The trails are rarely crowded, save for twice a year. SORBA hosts the Carter’s Lake Mountain Bike Classic each spring and fall as part of the Georgia Mountain Bike Series.
Directions: Carter’s Lake trails are eight miles west of Ellijay. Take I-75 North to I-575, which turns into GA Highway 515. Turn left onto GA Highway 382/76 at the Ridgeway Recreation Area entrance sign and follow the half-gravel, half-paved access road into the park.
Blanket’s Creek The seven miles of scenic trails at Blanket’s Creek are popular as a fun, fast ride close to metro Atlanta, so expect a crowd. Overall, the ride is fairly flat with a little bit of everything from rocks to logs; water and mud. Ride multiple laps to increase your workout.
The first thing to do before riding Blanket’s Creek is to remember what day it is and check the sign at the trailhead for the direction of the day. The second thing to do, if you want to support your favorite sport, is to drop a buck into the donation box at the trailhead. Using the handy porta potty is optional.
Ready to ride? Head about a mile down wide, rocky doubletrack then blast through stream crossing. Then it is on to a decent climb, some fast technical downhills and great views of Lake Allatoona. A highlight of Blanket’s Creek is navigating the half a dozen or so log crossings. The trail is tight in some spots, gently rolling in others.
Because it is not very technical, Blanket’s Creek is a great place for beginners to grow bike legs. Practice on the newly-completed beginner’s loop, dubbed Mosquito Flats because it follows the contours of Blanket’s Creek. The trail is just over one mile and is flat yet fun. A good place to practice before tackling the more advanced Dwelling Loop. Blanket’s Creek is closed in wet weather.
Directions: Blanket’s Creek is located in Woodstock. Take I-75 North to I-575 North to Exit 11. Turn left on Sixes Road and go about 1.8 miles. Follow the signs to the parking lot entrance on the left.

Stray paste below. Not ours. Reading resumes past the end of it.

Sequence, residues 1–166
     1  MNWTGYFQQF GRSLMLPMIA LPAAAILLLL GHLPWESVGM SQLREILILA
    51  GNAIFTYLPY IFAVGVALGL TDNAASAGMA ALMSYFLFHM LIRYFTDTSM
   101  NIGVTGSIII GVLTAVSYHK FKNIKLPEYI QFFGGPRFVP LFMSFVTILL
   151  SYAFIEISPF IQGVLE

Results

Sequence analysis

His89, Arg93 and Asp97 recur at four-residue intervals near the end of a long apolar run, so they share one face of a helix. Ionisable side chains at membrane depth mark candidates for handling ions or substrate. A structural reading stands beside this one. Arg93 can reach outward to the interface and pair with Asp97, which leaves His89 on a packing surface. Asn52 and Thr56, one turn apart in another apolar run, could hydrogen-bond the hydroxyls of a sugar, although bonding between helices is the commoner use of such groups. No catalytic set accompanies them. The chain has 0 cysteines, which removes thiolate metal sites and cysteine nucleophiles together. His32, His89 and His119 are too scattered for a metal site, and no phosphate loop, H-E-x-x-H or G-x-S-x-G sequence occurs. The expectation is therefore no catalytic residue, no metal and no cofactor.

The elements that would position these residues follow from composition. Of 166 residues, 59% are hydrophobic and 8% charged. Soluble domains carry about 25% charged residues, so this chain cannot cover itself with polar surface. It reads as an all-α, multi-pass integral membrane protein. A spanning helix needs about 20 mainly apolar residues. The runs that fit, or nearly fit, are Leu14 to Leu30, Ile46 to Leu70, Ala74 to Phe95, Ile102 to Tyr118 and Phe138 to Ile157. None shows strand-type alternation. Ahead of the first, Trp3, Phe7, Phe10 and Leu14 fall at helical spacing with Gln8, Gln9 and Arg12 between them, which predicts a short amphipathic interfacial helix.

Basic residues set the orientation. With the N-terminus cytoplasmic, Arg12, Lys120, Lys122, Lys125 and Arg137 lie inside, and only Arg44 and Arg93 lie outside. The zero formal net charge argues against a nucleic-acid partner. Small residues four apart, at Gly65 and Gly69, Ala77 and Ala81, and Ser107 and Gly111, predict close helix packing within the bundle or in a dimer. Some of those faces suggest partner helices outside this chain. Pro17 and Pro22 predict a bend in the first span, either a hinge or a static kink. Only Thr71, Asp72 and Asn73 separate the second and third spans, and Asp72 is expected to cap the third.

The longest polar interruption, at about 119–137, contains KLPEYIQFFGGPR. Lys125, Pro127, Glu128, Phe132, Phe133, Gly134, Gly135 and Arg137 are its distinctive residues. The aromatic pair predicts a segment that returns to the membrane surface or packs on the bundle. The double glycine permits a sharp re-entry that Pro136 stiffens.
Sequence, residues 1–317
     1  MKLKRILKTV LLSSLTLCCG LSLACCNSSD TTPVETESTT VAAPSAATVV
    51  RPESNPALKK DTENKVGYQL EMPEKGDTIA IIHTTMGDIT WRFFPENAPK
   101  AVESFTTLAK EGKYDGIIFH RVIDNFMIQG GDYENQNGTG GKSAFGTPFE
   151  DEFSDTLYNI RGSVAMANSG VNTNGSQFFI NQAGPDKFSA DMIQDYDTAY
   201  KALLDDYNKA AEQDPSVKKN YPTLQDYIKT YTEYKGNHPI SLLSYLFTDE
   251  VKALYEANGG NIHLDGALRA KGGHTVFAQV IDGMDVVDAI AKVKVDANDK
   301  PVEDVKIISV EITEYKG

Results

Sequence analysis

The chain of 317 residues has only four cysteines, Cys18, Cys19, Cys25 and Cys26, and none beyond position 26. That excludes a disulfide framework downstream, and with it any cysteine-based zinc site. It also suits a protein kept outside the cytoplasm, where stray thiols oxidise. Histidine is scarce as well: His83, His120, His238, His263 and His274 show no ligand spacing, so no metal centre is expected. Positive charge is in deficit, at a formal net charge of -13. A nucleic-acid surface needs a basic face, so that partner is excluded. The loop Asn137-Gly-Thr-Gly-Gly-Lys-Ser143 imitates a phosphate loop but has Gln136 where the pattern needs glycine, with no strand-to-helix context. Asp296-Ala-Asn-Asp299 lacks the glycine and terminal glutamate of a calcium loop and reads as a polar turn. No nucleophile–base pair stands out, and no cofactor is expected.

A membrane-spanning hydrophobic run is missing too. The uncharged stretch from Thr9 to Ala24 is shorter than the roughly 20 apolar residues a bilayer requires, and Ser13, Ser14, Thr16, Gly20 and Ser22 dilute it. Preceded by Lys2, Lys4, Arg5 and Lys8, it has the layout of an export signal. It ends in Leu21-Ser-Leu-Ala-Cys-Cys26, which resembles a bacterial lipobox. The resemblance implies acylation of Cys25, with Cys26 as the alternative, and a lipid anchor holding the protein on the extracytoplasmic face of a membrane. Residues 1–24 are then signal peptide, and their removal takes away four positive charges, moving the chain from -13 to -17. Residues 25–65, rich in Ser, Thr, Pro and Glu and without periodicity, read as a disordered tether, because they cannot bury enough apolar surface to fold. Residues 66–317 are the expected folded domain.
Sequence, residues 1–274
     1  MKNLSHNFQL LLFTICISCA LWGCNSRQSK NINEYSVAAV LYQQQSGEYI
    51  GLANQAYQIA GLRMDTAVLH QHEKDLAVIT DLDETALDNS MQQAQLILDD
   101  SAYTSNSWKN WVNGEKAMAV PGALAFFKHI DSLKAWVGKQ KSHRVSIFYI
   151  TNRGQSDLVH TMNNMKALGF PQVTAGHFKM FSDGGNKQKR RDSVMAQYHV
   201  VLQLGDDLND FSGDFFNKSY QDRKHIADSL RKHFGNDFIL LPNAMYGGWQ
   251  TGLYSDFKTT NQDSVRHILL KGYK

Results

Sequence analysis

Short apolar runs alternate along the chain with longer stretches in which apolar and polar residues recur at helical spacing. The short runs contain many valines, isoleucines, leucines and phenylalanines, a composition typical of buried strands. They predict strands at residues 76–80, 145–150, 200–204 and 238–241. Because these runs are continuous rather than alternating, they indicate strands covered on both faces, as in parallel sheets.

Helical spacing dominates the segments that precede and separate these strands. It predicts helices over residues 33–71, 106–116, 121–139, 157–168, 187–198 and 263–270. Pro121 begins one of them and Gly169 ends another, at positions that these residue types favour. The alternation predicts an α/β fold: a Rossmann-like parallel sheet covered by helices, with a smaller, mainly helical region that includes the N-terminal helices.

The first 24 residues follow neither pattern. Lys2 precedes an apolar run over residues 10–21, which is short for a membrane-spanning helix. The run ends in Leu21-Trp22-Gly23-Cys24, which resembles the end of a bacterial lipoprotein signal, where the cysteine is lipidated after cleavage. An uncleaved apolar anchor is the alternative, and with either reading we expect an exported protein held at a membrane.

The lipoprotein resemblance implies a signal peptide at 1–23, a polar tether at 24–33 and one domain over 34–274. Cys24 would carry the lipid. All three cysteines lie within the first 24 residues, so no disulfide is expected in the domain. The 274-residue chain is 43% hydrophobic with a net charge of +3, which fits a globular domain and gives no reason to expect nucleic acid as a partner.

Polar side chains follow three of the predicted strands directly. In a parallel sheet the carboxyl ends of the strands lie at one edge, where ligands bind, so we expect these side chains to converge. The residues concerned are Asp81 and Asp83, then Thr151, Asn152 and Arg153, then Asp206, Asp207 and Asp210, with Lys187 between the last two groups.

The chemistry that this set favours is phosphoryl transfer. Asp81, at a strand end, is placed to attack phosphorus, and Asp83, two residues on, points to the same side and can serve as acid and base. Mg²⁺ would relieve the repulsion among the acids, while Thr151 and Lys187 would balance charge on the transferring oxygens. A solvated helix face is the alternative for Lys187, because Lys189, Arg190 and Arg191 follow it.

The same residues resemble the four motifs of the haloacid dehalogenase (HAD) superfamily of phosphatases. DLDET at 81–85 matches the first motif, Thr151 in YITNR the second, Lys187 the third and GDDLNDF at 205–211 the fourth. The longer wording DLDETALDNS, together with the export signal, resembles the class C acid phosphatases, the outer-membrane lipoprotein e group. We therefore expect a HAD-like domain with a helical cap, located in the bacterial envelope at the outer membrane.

Always wear a helmet.
Conduct a pre-ride inspection to make sure your tires have air, your seat is adjusted, etc. After the ride, always clean your bike and inspect it for any additional maintenance.
Be prepared. Avoid having to hike-a-bike and bring a tool kit that includes a patch kit, pump, spare tube, allen wrench, chain tool and spoke wrench. Multi-tools are pocket-sized and convenient.
Bring a first aid kit.
Stay hydrated. Bring a water bottle. Better yet, buy a hydration
pack to carry lots of water and keeps your hands free.
Don’t forget the food! Feed your soul with energy bars, especially on longer rides.
Pay attention to trail direction. Many trails are marked with directional arrows designating days or times for different trail users.
Follow the rules of the road. Ride on open trails only, control your bike, always yield the trail, never scare animals and plan ahead
Stay on track. Riding off trails can cause erosion.
Respect other trail users. Use a verbal warning when approaching pedestrians from behind, and yield the trail to horses.
Call ahead, when possible. Checking schedules and closures may save you a trip.
If you go alone, tell someone. Be self-sufficient by bringing basic tools and supplies. I even bring my cell phone.
Avoid riding at night. This can be dangerous, but can also be fun. Local clubs often schedule guided night rides.
Support the cause. Much of the trails you ride are built and maintained by local organizations. Throw in a dollar or two at trailheads that accept donations. Or, donate your time with trail-building projects.
If you don’t already belong to a mountain biking club, join